Perhaps the most definitive rebuke to the idea of trading libraries for Amazon and coffee shops comes from a former Starbucks employee whom Klinenberg met at a branch of the New York Public Library, where he is now an “information specialist”: “At Starbucks, and at most businesses, really, the assumption is that you, the customer, are better for having this thing that you purchase. Right?” he said. “At the library, the assumption is you are better. You have it in you already…. The library assumes the best out of people.” What we learn from The Library Book, Ex Libris, and Palaces for the People is that we are all better off, too, when people assume the best out of libraries.
This has been the central question of Ellis’s career: Is he talented or only provocative? “He’s certainly not boring; and people like to talk about people who aren’t boring,” the novelist Ottessa Moshfegh (an admirer) said. For Ellis, fame and controversy have always gone hand in hand. Yet he swears he’s never intended to offend; he’s just focused on making art for art’s sake, and if it upsets you, so be it. “I never care about riling up anybody,” he said. “That’s a waste of time. It’s always been about purely wanting to express myself, and not really thinking about the audience at all.”
Fifty years have passed since the publication of Slaughterhouse-Five. It’s the same age as me. And the older I get, and the more lumps fall off my brain, the more I find that rereading is the thing. Build your own little cockeyed canon and then bear down on it; get to know it, forward and backward; get to know it well. So I don’t know how many times I’ve read Slaughterhouse-Five. Three? Four? It never gets old, is the point. It never wanes in energy. This book is in no way the blossom of a flower. Slaughterhouse-Five is more in the nature of a superpower that the mutant author had to teach himself to master—and then could use, at full strength, only once.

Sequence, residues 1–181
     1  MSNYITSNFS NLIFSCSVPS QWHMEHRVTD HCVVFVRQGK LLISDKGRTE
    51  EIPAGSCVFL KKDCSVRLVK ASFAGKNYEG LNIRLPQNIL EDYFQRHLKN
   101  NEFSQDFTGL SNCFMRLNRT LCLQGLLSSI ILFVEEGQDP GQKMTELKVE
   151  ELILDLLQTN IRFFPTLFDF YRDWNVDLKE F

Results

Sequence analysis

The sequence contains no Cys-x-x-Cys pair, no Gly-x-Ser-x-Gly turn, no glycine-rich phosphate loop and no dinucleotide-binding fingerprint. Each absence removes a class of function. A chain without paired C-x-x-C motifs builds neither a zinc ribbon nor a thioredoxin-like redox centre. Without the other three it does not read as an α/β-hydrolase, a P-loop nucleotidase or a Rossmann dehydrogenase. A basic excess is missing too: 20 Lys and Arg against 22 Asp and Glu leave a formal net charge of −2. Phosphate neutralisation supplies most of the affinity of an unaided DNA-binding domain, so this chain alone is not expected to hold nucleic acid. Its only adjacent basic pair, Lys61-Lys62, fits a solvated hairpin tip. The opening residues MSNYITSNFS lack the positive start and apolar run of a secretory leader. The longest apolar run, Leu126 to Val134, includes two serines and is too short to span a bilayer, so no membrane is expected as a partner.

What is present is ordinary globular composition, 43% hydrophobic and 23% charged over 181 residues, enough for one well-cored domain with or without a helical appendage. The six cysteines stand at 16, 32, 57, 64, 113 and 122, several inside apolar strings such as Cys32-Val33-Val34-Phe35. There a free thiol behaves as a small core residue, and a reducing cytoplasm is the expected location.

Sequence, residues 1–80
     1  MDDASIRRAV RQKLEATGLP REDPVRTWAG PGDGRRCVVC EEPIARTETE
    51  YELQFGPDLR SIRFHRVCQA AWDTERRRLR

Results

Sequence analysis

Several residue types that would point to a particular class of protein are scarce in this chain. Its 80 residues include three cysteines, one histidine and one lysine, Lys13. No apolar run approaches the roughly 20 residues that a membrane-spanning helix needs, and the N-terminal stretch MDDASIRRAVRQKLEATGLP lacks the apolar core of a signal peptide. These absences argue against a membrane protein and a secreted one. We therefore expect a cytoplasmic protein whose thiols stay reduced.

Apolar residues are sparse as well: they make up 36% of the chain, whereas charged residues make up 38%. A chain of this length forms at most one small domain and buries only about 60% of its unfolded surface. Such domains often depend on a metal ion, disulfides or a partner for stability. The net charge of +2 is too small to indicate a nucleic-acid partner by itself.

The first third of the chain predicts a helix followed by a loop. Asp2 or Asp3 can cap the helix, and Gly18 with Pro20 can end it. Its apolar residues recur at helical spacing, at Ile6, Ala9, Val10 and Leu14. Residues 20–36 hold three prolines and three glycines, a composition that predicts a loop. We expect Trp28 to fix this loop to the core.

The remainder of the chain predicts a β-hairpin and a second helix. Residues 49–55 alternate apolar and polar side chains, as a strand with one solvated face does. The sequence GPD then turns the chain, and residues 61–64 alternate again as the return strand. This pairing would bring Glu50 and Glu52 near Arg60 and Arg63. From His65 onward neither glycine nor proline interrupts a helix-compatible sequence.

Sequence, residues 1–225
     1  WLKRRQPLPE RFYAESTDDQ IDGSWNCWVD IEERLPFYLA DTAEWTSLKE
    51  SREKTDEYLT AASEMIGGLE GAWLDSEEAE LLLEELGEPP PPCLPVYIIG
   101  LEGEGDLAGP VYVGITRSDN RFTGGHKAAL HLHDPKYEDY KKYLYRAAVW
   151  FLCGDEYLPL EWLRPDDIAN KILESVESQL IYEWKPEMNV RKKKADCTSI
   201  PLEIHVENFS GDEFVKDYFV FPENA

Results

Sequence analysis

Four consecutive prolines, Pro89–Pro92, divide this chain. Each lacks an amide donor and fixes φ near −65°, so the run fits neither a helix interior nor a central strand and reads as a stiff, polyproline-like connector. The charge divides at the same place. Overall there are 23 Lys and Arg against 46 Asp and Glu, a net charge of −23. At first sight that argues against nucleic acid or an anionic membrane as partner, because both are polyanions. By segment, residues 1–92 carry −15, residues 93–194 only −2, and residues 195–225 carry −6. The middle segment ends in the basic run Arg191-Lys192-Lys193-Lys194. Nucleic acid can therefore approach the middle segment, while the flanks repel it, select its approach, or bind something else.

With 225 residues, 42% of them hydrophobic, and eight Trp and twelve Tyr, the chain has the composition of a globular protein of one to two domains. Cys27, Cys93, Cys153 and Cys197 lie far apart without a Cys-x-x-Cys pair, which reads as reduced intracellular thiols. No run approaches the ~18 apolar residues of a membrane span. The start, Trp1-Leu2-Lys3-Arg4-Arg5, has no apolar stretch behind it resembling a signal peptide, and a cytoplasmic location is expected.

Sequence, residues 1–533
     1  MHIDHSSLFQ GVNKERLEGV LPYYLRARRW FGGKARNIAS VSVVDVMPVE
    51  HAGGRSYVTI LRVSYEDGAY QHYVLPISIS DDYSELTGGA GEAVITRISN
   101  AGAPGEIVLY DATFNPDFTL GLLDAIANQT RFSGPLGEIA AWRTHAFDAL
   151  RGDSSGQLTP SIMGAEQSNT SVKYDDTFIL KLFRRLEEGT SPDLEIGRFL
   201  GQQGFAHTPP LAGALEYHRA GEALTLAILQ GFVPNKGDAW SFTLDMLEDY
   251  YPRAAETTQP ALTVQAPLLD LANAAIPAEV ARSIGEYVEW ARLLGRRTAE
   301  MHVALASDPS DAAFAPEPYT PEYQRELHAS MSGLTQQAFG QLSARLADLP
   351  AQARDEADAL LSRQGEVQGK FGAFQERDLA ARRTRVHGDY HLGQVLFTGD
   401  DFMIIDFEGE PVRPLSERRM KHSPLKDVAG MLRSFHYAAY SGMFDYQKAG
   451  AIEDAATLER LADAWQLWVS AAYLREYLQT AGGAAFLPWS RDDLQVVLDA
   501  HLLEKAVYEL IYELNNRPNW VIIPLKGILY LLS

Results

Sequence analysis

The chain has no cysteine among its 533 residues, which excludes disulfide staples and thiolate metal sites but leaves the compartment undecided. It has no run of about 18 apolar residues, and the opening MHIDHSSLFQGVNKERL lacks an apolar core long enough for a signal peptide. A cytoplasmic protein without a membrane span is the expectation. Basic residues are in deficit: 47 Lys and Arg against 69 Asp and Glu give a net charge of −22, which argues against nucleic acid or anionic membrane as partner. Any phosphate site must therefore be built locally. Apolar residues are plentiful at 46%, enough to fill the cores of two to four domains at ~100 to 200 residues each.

This is a novel that contains multitudes, and the wonder is that Smith folds so much in, from visionary nature writing to Twitter obscenities, in prose that is so deceptively relaxed. Jokes detonate throughout, from the bleak to the whimsical, as surprising and moving connections are revealed between all three novels. As well as Shakespeare and Dean she summons the spirits of “the two great homeless writers, the great outliers”, short-story writer Katherine Mansfield and poet Rainer Maria Rilke, as well as her beloved Charlie Chaplin, who becomes a wandering artistic everyman. For decades Smith has seemed a glorious one-off: her influence is being seen now in younger writers such as Eley Williams and Max Porter, similarly accessible experimentalists with an irrepressible love of language, but as her Seasonal Quartet moves towards completion her own role in British fiction looks ever more vital. The final page proclaims spring “the great connective”. It’s not a bad description of Smith herself.
For despite its physical heft, Sky Without Stars is a fairly brisk read. It zips along from one plot twist to the next, drawing inspiration from Les Mis without being married to its characters, story, or true depth. La Revolution Lite is on tap here, and it's frothy, perhaps quenching the thirst for social justice without actually doing any hydrating. Those seeking substance may be left unsatisfied, but readers looking for inventive entertainment will find themselves well quaffed.
Fashionistas lured to Mizrahi’s memoir hoping it reveals juicy background on the industry may be disappointed by its lack of dish. Yet “I.M.” more than makes up for that with its honest rendering of how the underdog Mizrahi, whose self-image and livelihood are alternately crushed and affirmed, moves through the many creative phases of his life.
Mother powerfully conveys the thrilling, bewildering, and fuzzy-headed atmosphere that surrounds pregnancy and childbirth, and offers a fascinating glimpse into the world of our mothering predecessors.